PRESIDENT ASSAD BIDS A FOND FAREWELL TO WAR CRIMINAL OBAMA

Image result for bashar al assad
With a big heave-ho and a blowing of a big Bronx cheer, Dr. Bashar Al-Assad, gave the boot to the noisome and leprotic former president of the United States, Barack Hussein Obama.
He was the U.S. leader who always confidently stated that “Assad has no place in Syria’s future”.  Well, nimrod, where is your future?  Other than scamming institutions for speeches filled with empty platitudes, where is your place in Chicago’s sewers?  Obama has just joined the list of war criminals, imbeciles, genocidal freaks of nature – and with his entourage of inept spokesmen, “advisors”, secretaries and sycophants – in the twilight world of the accursed naysaying nihilists who populate that dimension of perjury somewhere in a sphincter that opens only for them.
Au revoir Sarkozy.  Arrivederci, Berlusconi.  Ta-ta, Cameron and Blair.  Auf Wiedersehen, Westervelle. Ma’ Al-Salaama ‘Abdullah, Hamad and Madame Banana.
And a good, rousing Bye to Rasmussen, George Sabra, Ghassan Hitto, Burhan Ghalyoon, Khaled Khoja, the ‘Alloosh Brothers, Zahraan and Muhammad, Ban Ki-Myun.  Hasta la vista, Zapatero.
And let’s not forget Mark Toner, Kirby, John Kerry and that nincompoop par excellence, Josh Earnest.
Fare thee well, Morsi, enjoy oblivion in an Egyptian prison.  Sayonara, Davutoghlu.  And, not to forget, Khalomoot Paaz, Simon Perske (Peres).
Image result for flipping the bird
And now, A BIG MIDDLE FINGER UP FOR THAT PSYCHOPATH WHO INFESTED THE WHITE HOUSE FOR 8 YEARS: BARACK HUSSEIN OBAMA.  Good riddance to bad rubbish, we always say.  Burn in Hell!  Grrrrrrrrr. You swine.
___________________________________________
NEWS AND COMMENT:
Curious article by MIri Wood from Waf Halabi describing the odd coverage of Trump’s presidency in the Zionist Apartheid State and an historical list of Zionist misdeeds for those of you who are archivists:
Long, but excellent analysis of the brain-freeze in the MSM, the opponents of Syria and the established imperialist network.  Sent by Alexander Ajay, it Is a compelling and articulate analysis by Louis Allday:
Related Picture

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Assad speaking to Arab Leaders before the invasion of Iraq
Clinton: Assad must go
Aug 18, 2011


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River to Sea Uprooted Palestinian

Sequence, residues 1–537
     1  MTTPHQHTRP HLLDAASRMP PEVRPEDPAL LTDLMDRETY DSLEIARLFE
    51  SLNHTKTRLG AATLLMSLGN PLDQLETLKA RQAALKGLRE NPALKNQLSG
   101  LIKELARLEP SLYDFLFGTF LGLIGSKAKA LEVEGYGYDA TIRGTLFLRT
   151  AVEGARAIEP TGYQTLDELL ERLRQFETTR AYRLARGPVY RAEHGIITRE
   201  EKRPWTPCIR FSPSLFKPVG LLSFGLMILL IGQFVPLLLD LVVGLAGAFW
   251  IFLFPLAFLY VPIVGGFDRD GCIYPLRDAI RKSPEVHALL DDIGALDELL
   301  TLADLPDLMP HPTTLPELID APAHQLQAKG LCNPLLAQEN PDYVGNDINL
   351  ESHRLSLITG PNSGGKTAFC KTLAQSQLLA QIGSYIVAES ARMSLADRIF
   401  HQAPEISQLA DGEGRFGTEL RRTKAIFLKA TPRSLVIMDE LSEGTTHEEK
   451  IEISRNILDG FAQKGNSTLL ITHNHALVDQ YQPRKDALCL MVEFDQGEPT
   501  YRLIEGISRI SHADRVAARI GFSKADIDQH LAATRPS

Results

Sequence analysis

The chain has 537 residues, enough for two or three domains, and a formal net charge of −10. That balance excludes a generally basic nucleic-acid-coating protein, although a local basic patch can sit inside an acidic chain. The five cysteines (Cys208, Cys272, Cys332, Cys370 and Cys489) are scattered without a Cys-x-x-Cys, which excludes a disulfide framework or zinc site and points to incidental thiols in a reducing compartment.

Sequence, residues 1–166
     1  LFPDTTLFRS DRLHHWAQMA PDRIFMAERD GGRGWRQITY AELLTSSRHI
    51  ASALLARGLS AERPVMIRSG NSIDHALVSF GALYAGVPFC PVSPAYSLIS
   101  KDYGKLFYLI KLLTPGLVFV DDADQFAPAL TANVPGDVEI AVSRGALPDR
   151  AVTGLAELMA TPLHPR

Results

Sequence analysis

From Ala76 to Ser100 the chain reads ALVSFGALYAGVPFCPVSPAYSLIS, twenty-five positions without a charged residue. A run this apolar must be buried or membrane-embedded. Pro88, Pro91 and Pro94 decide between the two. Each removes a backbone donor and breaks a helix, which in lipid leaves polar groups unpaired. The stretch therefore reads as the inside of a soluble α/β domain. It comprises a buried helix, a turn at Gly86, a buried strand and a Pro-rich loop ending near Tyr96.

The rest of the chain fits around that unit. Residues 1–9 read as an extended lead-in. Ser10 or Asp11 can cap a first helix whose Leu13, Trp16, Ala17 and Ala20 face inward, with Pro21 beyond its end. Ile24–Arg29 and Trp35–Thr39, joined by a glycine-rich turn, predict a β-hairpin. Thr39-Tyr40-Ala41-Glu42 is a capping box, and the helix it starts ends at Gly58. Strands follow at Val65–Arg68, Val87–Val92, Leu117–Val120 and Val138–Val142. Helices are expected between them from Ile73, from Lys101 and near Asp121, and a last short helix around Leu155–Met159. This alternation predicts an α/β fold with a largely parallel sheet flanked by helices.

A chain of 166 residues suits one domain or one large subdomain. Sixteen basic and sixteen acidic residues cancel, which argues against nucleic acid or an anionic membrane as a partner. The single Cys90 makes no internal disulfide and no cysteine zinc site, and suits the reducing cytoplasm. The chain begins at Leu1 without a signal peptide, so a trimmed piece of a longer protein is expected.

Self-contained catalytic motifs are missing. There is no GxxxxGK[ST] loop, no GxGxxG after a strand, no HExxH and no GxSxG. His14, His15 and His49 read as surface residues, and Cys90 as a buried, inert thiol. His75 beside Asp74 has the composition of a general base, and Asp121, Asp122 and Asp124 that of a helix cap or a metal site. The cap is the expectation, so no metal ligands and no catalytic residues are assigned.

The views expressed in this article are the sole responsibility of the author and do not necessarily reflect those of the Blog!

PRESIDENT ASSAD BIDS A FOND FAREWELL TO WAR CRIMINAL OBAMA

Image result for bashar al assad
With a big heave-ho and a blowing of a big Bronx cheer, Dr. Bashar Al-Assad, gave the boot to the noisome and leprotic former president of the United States, Barack Hussein Obama.
He was the U.S. leader who always confidently stated that “Assad has no place in Syria’s future”.  Well, nimrod, where is your future?  Other than scamming institutions for speeches filled with empty platitudes, where is your place in Chicago’s sewers?  Obama has just joined the list of war criminals, imbeciles, genocidal freaks of nature – and with his entourage of inept spokesmen, “advisors”, secretaries and sycophants – in the twilight world of the accursed naysaying nihilists who populate that dimension of perjury somewhere in a sphincter that opens only for them.
Au revoir Sarkozy.  Arrivederci, Berlusconi.  Ta-ta, Cameron and Blair.  Auf Wiedersehen, Westervelle. Ma’ Al-Salaama ‘Abdullah, Hamad and Madame Banana.
And a good, rousing Bye to Rasmussen, George Sabra, Ghassan Hitto, Burhan Ghalyoon, Khaled Khoja, the ‘Alloosh Brothers, Zahraan and Muhammad, Ban Ki-Myun.  Hasta la vista, Zapatero.
And let’s not forget Mark Toner, Kirby, John Kerry and that nincompoop par excellence, Josh Earnest.
Fare thee well, Morsi, enjoy oblivion in an Egyptian prison.  Sayonara, Davutoghlu.  And, not to forget, Khalomoot Paaz, Simon Perske (Peres).
Image result for flipping the bird
And now, A BIG MIDDLE FINGER UP FOR THAT PSYCHOPATH WHO INFESTED THE WHITE HOUSE FOR 8 YEARS: BARACK HUSSEIN OBAMA.  Good riddance to bad rubbish, we always say.  Burn in Hell!  Grrrrrrrrr. You swine.
___________________________________________
NEWS AND COMMENT:
Curious article by MIri Wood from Waf Halabi describing the odd coverage of Trump’s presidency in the Zionist Apartheid State and an historical list of Zionist misdeeds for those of you who are archivists:
Long, but excellent analysis of the brain-freeze in the MSM, the opponents of Syria and the established imperialist network.  Sent by Alexander Ajay, it Is a compelling and articulate analysis by Louis Allday:
Related Picture

Related Videos
Assad speaking to Arab Leaders before the invasion of Iraq
Clinton: Assad must go
Aug 18, 2011
Related Articles

River to Sea Uprooted Palestinian   
The views expressed in this article are the sole responsibility of the author and do not necessarily reflect those of the Blog!